The clean channel sounds great–nice and chimey, a classic Fender sound. Overdrive channel is nice on a Fender amp; I re-tubed the gain stage with a 5751 and it really gave the channel more clarity and definition. Like all tube amps, you can really fine-tune the tone with a retube. Fender isn’t a tube manufacturer and they go to the same marketplace to tube their amps.

    On the “con” side–it is heavy. I hate lugging it around. Also, tube changes are difficult due to the layout of the chassis and the fact that the tube sockets are attached directly to the circuit board under the chassis deck.
    Also, at 1/4 power, the tremolo circuit is under-powered and is barely noticable.

    All in all, this is a great gig gin amp.

  3. Comment by Sylvius Leopold — June 11, 2014 at 1:01 pm   Reply

    Terrific amp very classic fender chimey sound thang going on here just picked one up for £650 and really happy with it but it definitely needs to be played at gigging volume …..if you want a boudoir amp buy a champ! The stock speaker (Jensen)was a bit shrill on the highs so I swapped it out for a Weber ..good call this is now a different amp night and day

  4. Comment by phil — December 15, 2014 at 10:31 pm   Reply

    Im considering a pro now, Im currently using a concert rivera model from the 80’s, a real sweet amp tho Im not overly fond of the low volume sound. its gets real sweet and compressed when your pushing it. I imagine the pro is a lot like that but have not gigged with it. I do like the reverb and vibrato combo on this amp. it will be nice to have one amp with all my fav things which is reverb, vibrato,and pedal 2
    channel switching. maybe my concert and champ will finally be retired after about 20 years or so of use.

  5. Comment by RickMarch 28, 2015 at 2:33 pm   Reply

    I have this amp and the reverb is making a lot of noise. I want to change the 2 tubes for the reverb/vibrato but I don’t know which ones they are. Can you help?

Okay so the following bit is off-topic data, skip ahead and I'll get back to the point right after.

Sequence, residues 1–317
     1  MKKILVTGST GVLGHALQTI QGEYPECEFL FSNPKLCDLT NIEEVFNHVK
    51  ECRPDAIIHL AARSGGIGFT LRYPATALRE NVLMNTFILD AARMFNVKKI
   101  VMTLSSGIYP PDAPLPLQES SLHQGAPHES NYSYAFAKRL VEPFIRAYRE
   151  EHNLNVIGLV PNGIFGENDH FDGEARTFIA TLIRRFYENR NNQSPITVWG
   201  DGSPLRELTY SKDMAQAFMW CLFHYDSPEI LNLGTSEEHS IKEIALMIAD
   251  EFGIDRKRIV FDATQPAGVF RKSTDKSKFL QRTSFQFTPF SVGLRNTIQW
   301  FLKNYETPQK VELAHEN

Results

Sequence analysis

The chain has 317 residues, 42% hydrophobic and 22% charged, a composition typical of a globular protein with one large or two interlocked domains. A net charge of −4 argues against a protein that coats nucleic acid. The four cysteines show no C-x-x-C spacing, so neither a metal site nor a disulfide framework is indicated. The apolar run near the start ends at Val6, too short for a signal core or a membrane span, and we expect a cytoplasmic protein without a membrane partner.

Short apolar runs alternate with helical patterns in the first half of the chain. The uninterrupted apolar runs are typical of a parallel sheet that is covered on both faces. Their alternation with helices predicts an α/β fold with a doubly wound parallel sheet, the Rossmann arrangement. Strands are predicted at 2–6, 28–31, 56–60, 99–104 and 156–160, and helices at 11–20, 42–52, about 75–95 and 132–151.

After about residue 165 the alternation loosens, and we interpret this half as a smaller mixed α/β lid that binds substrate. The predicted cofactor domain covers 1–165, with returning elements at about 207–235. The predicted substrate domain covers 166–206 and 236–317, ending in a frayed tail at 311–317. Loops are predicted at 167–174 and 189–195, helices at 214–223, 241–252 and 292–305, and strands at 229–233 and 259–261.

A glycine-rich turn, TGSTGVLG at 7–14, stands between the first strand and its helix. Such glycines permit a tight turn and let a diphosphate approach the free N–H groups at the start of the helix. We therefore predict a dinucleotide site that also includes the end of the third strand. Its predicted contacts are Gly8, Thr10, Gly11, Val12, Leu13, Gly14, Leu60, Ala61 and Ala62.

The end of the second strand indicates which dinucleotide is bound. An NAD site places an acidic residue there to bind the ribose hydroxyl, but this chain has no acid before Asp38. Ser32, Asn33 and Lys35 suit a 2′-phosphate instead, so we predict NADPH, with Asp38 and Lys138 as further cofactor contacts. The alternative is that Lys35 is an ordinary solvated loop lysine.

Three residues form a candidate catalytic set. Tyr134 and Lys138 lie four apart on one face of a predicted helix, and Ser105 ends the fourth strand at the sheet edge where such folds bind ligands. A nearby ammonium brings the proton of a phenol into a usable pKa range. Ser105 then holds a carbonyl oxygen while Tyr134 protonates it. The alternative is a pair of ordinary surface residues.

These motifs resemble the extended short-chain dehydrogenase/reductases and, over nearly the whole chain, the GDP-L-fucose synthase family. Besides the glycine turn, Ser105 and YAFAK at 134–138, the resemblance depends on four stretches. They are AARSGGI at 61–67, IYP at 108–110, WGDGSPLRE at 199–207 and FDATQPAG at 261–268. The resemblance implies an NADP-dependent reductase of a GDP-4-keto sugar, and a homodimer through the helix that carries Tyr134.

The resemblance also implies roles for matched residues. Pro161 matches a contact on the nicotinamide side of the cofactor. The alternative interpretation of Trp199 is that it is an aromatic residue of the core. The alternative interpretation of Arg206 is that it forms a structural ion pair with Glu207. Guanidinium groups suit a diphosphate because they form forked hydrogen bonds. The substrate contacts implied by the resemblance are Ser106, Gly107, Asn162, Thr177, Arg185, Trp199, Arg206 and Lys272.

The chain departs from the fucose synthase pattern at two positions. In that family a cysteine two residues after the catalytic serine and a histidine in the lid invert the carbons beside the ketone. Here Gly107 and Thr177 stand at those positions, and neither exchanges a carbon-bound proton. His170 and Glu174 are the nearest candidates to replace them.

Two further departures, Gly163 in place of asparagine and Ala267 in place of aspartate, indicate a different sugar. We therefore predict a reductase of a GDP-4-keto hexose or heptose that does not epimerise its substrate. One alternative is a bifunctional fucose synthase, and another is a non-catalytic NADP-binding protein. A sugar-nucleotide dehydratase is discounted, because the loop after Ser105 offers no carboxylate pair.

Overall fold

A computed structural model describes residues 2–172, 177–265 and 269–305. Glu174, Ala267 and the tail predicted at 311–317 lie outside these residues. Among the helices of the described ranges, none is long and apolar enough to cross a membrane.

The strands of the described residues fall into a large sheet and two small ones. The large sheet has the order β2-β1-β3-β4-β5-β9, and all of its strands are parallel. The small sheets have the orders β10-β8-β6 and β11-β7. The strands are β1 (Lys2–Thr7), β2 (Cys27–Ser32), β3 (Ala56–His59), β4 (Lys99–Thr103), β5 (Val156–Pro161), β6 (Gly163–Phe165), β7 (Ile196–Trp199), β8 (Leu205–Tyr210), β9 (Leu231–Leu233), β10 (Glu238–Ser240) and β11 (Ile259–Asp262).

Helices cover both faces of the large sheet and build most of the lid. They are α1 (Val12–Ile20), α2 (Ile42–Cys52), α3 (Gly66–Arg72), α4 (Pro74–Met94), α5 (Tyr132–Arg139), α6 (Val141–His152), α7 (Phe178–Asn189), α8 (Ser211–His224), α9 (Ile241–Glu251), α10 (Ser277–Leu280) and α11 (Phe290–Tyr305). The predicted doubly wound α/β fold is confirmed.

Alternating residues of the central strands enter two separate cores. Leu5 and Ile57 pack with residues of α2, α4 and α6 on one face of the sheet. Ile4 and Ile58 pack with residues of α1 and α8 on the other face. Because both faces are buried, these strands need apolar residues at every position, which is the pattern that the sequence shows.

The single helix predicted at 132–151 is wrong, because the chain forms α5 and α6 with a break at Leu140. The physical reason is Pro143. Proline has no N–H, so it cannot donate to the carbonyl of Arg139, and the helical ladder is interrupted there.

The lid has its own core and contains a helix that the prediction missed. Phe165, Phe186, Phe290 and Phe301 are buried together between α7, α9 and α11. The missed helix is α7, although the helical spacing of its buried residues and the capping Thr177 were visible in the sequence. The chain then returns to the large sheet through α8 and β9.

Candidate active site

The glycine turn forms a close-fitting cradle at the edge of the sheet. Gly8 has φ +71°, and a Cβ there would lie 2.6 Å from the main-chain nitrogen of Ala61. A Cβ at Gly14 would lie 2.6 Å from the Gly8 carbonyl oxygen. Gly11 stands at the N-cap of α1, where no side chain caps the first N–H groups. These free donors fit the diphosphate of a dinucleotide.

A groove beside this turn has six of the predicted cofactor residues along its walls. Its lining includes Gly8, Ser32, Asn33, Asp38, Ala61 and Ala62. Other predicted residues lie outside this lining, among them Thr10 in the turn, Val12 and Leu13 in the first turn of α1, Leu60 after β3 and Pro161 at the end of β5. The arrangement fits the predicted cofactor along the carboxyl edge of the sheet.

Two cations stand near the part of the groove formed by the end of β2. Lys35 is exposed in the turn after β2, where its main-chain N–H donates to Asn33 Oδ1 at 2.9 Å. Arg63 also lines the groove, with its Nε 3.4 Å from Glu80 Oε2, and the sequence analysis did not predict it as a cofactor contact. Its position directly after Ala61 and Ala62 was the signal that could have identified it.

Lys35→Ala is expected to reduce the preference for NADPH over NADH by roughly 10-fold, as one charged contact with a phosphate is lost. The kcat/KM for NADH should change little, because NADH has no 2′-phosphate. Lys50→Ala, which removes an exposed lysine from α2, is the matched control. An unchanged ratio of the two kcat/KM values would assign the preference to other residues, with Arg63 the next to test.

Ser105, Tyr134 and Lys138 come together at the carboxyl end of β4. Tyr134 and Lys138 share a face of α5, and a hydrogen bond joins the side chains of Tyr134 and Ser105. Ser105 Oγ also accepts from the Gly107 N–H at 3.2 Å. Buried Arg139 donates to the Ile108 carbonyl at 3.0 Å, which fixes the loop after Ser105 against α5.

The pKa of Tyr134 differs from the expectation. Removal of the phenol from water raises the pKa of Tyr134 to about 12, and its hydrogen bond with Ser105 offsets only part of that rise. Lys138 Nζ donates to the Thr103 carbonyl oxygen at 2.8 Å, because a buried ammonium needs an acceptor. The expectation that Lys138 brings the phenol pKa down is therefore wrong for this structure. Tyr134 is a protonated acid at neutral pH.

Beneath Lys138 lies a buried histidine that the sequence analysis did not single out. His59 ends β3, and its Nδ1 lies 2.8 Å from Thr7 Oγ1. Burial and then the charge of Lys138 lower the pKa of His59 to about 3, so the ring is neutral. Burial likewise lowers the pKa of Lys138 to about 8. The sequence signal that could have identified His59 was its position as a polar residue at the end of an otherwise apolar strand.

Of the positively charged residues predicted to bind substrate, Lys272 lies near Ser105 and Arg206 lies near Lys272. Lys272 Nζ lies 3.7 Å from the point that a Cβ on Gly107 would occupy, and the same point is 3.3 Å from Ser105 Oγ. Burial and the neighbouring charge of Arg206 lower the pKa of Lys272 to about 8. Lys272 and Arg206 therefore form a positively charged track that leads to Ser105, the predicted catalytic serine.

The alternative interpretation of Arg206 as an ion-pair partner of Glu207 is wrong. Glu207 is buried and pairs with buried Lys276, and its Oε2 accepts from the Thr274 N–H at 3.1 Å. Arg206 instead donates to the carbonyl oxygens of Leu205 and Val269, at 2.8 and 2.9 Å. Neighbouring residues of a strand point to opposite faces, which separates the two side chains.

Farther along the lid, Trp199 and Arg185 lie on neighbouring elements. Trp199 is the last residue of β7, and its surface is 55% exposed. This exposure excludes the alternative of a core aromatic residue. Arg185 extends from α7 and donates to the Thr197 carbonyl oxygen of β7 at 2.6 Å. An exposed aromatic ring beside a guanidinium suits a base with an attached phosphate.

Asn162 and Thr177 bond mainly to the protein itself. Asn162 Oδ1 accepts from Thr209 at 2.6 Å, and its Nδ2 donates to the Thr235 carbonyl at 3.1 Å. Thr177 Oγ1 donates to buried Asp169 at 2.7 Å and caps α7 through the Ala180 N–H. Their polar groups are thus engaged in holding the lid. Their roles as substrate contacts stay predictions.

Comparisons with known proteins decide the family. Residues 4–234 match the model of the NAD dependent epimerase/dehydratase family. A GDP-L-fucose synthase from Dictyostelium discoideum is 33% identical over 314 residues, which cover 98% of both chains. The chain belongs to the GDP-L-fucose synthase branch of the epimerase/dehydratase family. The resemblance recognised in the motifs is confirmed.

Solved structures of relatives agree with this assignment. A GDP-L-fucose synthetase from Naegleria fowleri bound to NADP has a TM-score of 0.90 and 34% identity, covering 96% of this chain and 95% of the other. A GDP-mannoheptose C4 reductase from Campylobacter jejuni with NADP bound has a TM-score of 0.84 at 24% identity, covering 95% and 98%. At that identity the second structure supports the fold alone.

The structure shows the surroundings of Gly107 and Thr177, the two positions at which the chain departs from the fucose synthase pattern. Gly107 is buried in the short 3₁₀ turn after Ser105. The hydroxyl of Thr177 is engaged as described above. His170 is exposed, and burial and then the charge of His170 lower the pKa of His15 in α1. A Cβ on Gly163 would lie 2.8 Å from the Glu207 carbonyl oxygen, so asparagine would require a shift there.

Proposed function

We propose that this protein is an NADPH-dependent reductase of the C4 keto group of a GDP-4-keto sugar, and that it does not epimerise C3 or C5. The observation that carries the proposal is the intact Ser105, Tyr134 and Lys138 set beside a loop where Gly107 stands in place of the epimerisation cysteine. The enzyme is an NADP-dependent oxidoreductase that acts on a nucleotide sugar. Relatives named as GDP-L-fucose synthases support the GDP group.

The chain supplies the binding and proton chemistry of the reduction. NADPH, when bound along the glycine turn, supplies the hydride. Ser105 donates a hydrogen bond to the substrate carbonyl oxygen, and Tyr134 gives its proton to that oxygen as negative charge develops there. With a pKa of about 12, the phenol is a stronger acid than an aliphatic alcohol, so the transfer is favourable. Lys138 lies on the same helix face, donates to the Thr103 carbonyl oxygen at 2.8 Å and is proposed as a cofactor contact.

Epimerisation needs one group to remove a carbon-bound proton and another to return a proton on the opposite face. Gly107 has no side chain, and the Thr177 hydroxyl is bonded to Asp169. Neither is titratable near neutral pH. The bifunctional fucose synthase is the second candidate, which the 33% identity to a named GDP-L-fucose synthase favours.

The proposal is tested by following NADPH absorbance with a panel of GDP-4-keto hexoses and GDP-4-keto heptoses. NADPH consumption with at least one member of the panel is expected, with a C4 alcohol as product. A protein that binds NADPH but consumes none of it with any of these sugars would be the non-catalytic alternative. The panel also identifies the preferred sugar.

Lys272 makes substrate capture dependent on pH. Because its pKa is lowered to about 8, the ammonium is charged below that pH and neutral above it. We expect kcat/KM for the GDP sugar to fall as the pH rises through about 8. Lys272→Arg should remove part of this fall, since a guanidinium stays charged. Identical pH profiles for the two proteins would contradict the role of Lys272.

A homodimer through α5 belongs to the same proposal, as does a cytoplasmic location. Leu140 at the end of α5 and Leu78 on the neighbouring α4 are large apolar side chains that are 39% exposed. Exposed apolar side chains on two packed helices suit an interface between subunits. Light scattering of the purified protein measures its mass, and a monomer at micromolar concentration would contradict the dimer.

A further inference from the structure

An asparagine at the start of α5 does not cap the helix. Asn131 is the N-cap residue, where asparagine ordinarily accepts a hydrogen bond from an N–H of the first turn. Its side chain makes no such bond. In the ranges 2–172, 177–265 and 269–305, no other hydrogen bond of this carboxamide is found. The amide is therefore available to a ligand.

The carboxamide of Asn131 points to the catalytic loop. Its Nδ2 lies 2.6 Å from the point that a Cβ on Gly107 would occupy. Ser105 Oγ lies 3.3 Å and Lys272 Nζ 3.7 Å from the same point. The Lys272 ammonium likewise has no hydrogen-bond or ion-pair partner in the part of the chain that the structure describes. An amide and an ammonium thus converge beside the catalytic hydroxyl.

• Comment by Robert Rockford — June 4, 2015 at 4:19 pm   Reply

      The reverb driver is a 12AT7. On the tube chart inside your amp its number V7. All other preamp tubes on this amp are 12AX7’s so it’s not tough to find it.

  6. Comment by Craig — July 23, 2015 at 2:46 am   Reply

    I have a 2002 pro reverb reissue. I think this is a great amp. It’s a beast of an amp to carry around but aside from that, it’s a great amp. I’m having a problem with it now and it has me scratching my head. I was using the amp a couple of weeks ago and all of a sudden….no output! I took out the tubes and had them tested. One was completely gone and two more were weak. I replaced the three of them. They were 3 of the 12AX7’s. I thought for sure that I had the problem solved. Brought the tubes home, installed them….same issue was present.
    I say that there’s no output but I think it’s more of an input problem. When I tap on the tubes, I can hear the taping noise coming through the speaker. Also when I flick the output switch to full, I can hear a small hiss in the speaker get louder.
    Any suggestions as to what the problem might be would be greatly appreciated!

Leave a Reply